Professionals can and do make mistakes. Sometimes these can cause considerable loss to their clients. Claims can be complex or involve dealing with the professional’s insurers. That's where we come in. The professional negligence team at Mayo Wynne Baxter was set up specifically to help deal with complicated claims of professional negligence.
Our team of experienced professional negligence solicitors specialise in cases involving negligence by solicitors, barristers and accountants, financial service providers, financial advisors and property professionals (architects, surveyors, engineers and valuers). Our team boasts a number of lawyers who are property specialists. In fact, we are the only specialist team in the South East dedicated to deal with claims involving professionals.
Why choose us to handle your professional negligence claim?
We have a dedicated team specialising in claims against solicitors, accountants, surveyors, architects and other professionals so you can be sure you are in expert hands.
- Our team has the necessary skills and experience to help you through the process of making a claim and help you obtain compensation.
- We have a proven track record of settling cases.
- We have excellent relationships with expert witnesses, leading barristers and funders so we can achieve the best possible result for you.
- We are members of the Professional Negligence Lawyers Association
For more information on professional negligence please contact Karim Mohamed.
We can help you with claims against Accountants, Architects, Solicitors, Surveyors and claims against Personal Injury and Medical Negligence Solicitors
For more information on these areas, please contact Karim Mohamed.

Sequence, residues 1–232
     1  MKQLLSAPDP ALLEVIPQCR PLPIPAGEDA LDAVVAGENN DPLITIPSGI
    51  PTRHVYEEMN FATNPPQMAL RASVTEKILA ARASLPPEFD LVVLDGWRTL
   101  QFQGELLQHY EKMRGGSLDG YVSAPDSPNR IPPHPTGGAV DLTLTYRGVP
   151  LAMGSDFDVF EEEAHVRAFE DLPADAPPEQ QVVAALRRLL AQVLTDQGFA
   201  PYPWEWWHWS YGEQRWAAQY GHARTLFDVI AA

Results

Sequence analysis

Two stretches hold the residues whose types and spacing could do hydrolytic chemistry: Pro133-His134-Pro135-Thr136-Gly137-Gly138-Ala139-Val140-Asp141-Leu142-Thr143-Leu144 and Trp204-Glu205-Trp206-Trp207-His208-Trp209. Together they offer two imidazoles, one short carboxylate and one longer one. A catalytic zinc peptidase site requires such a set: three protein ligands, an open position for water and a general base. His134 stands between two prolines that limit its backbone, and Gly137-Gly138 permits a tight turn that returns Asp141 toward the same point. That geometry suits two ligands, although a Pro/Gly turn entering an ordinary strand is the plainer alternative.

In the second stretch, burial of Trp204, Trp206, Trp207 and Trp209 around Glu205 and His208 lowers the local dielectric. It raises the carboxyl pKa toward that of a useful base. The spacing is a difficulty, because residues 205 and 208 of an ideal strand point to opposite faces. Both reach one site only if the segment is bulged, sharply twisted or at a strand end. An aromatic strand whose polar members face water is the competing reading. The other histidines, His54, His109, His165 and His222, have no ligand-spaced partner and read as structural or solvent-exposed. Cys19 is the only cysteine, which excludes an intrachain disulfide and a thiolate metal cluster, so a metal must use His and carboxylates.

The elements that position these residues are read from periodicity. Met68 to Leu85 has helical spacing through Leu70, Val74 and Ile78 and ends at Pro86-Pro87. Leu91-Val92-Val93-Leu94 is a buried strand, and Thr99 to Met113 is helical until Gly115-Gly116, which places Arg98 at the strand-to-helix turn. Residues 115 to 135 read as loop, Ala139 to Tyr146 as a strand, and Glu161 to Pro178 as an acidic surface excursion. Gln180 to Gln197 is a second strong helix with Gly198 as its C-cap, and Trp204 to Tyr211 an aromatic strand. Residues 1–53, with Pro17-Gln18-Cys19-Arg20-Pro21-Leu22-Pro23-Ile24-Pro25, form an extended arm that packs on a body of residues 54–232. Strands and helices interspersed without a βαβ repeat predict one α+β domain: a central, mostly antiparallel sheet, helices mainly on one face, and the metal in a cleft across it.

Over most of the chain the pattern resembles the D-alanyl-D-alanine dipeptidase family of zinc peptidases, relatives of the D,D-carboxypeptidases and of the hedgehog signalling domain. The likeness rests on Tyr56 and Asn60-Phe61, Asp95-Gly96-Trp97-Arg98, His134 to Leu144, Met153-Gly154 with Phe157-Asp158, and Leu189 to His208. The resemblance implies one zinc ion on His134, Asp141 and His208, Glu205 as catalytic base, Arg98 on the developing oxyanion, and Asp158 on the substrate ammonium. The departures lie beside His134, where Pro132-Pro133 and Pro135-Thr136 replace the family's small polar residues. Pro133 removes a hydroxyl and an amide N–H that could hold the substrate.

Proving a Claim
The key issue when proving a claim is that the professional must first owe a duty to take care in their relationship with the claimant. Often such duties are defined by the extent of their contract with you but there are relationships, such as solicitor and client, financial adviser and client etc in which a duty of care has already been identified in law.
There are also other ways in which a professional can be held to be liable. These may be complex but in investigating a claim we would advise of any additional rights of action should they become relevant.
Once the duty of care has been established the next step is to prove that 'on the balance of probabilities' the professional involved has breached that duty. In other words, has the professional failed to meet the standard of care that other professionals would have exercised in similar circumstances? The test 'on the balance of probabilities' is the usual standard of proof that a claimant needs to establish to succeed in a civil action. The standard of proof in a civil case is far below the standard of proof in a criminal case which is defined as 'beyond reasonable doubt'.